Since Mohammed, peace be upon him, was merely God's messenger and all idolatry of him or his name is prohibited in Islam, this seems to me to be teetering on the edge of blasphemy. I suppose the Mullahs know their own religion best, though, and I'll be getting a fatwah if I go meddling with it.

Well, here's my own Episcopalian contribution to the war on terror. I'm going to call Turkish delight "powder-covered gelatinous blobs of Cranmer and Fisher" from now on; and Persian carpets will be "floor coverings of the 39 articles."

There, that'll teach 'em!

[Added when transcribing:  I probably meant Latimer, not Fisher. Got my martyrs mixed up.

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07 — One lump or two?     We don't archive Radio Derb because the material is just too fugitive and off-the-cuff; and if you think that's just a polite way of saying "shallow and frothy," well you just go right on thinking that — I don't care.

However, I get emails from people wanting to hear such and such a segment again, and so when the demands for some particular segment rise above a certain threshold, I shall oblige from my own archives.

Here's one from last September that people liked, for reasons I myself find utterly unfathomable.

[Spliced in from the 9/22/05 podcast.]

Pop music kind of left me behind round about, oh, 1975. I still from time to time take a peek to see what's going on in there though. So what's going on?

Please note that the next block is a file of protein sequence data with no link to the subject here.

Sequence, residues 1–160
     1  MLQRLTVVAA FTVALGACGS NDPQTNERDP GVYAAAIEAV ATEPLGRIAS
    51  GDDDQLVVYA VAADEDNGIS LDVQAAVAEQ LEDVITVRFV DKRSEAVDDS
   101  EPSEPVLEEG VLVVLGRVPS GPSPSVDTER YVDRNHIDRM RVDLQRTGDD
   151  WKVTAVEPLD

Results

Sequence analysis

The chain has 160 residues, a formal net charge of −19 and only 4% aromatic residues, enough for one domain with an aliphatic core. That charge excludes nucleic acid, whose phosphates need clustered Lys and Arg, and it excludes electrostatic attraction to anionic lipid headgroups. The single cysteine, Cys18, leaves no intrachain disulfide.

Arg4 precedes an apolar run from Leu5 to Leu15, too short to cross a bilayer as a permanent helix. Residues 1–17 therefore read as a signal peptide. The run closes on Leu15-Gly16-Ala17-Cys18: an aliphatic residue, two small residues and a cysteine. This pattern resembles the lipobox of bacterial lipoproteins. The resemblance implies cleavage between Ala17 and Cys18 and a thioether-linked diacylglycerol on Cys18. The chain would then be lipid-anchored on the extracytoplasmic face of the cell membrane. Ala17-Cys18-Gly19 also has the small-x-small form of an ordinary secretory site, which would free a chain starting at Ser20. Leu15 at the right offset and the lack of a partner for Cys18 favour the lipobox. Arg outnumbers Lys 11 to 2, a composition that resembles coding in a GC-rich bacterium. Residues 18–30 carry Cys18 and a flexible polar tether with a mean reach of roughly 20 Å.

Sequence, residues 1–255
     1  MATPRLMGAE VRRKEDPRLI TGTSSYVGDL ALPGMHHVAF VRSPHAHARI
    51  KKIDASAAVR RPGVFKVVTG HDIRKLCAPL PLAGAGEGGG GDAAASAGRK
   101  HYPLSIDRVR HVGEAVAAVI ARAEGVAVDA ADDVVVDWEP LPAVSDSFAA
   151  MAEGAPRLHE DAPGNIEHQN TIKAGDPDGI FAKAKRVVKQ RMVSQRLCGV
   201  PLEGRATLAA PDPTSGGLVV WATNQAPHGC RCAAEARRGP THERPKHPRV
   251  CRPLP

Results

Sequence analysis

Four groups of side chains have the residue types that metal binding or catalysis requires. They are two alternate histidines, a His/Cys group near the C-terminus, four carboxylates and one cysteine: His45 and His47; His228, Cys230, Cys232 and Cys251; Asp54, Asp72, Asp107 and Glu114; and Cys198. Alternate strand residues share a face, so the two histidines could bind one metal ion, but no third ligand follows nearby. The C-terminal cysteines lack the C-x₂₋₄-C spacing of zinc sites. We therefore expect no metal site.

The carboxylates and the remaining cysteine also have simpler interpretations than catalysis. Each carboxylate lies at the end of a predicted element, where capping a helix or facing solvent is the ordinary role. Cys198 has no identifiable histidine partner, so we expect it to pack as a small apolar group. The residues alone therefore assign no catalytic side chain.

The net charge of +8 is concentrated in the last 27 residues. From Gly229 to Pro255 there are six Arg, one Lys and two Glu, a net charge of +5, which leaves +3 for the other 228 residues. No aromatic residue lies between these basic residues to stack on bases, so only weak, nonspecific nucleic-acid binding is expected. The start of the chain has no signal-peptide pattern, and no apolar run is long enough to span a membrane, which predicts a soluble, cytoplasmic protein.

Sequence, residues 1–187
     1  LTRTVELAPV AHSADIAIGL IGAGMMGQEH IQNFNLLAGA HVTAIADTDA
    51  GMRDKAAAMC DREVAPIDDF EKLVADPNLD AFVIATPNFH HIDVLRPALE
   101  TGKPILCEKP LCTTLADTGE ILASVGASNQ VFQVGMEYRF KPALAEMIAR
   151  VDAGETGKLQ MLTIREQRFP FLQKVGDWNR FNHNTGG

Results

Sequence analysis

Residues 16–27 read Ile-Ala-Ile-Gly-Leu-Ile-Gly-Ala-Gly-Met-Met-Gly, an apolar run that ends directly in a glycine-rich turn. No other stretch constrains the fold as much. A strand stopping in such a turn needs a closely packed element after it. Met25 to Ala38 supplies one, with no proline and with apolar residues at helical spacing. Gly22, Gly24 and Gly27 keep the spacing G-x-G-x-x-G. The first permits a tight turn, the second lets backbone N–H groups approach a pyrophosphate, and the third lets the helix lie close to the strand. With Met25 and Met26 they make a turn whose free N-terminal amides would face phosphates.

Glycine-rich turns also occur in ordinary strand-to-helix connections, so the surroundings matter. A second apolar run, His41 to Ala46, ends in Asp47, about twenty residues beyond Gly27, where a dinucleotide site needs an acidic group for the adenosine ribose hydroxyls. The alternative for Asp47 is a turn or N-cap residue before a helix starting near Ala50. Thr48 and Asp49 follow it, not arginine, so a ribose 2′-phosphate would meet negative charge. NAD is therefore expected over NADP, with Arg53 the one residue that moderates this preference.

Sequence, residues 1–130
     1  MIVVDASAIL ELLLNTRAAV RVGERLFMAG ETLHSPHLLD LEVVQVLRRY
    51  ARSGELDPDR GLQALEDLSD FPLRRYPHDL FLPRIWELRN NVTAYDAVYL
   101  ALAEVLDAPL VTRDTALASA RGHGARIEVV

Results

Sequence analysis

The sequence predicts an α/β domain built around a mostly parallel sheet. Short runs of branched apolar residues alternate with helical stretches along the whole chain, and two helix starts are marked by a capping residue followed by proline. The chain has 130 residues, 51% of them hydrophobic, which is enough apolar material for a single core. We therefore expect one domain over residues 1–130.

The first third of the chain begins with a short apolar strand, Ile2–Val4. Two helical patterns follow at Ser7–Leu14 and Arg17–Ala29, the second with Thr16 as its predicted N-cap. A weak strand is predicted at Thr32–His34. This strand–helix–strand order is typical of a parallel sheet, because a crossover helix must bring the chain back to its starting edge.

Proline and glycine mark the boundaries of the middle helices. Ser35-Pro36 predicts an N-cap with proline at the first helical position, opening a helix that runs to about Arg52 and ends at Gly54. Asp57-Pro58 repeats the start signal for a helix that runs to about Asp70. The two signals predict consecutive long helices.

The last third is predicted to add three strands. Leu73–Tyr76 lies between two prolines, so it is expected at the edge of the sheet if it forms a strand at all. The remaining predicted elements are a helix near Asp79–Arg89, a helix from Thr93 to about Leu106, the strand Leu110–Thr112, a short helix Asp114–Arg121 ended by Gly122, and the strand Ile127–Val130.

Well, a reader passed on some lyrics he came across while channel-surfing on his car radio and I thought I'd share them with you.

The following stanza is from a little number titled "My Humps," performed by a group named Black-Eed Peas. You Ready? Here we go.

Whatcha gonna do with all that junk?
All that junk inside that trunk?

I'm a get get get get you drunk.
Get you love drunk off my hump.

Whatcha gonna do with all that ass?
All that ass inside your jeans?

I'm a make make make make you scream.
Make you scream make you scream

'Cause of my humps my hump my hump my hump,
My hump my hump my hump my lovely lady lumps.

Check it out.

Cole Porter, thou shouldst be living at this hour. America hath need of thee. She is a fen of stagnant waters … and lovely lady lumps.

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08 — Hold that civil war, guys.     I wanted the Iraq war to be an in-and-out affair: Go in, smash up their stuff, kill as many of their leaders as we could find, and then get out and leave them with the rubble. As my soon-to-appear line of T-shirts will say: Rubble Doesn't Make Trouble rubble doesn't make trouble.

Alas, George and Rummy and Dick foolishly weren't listening to Radio Derb back in '03, so we got stuck with an occupation.

One of the rationales for continuing that occupation until … well, we're not supposed to ask until when, has been that if we pull out precipitately à la Derb, the Iraqis will fall into civil war.

Well, this week's news from Iraq is that Sunni terrorists have been blowing up a majorly-sacred Shia mosque, and I'm just hearing that Shia terrorists are retaliating by shooting up and blowing up Sunni mosques.

Will someone please tell these guys that the civil war isn't supposed to start until after we leave, which will be … oh, sorry, we're not supposed to ask.

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09 — Don't make the Christians angry!     A quote from the Reuters wire: "After backing calls by Muslims for respect for their religion in the Mohammed-cartoons row, the Vatican is now urging Islamic countries to reciprocate by showing more tolerance towards their Christian minorities." End quote.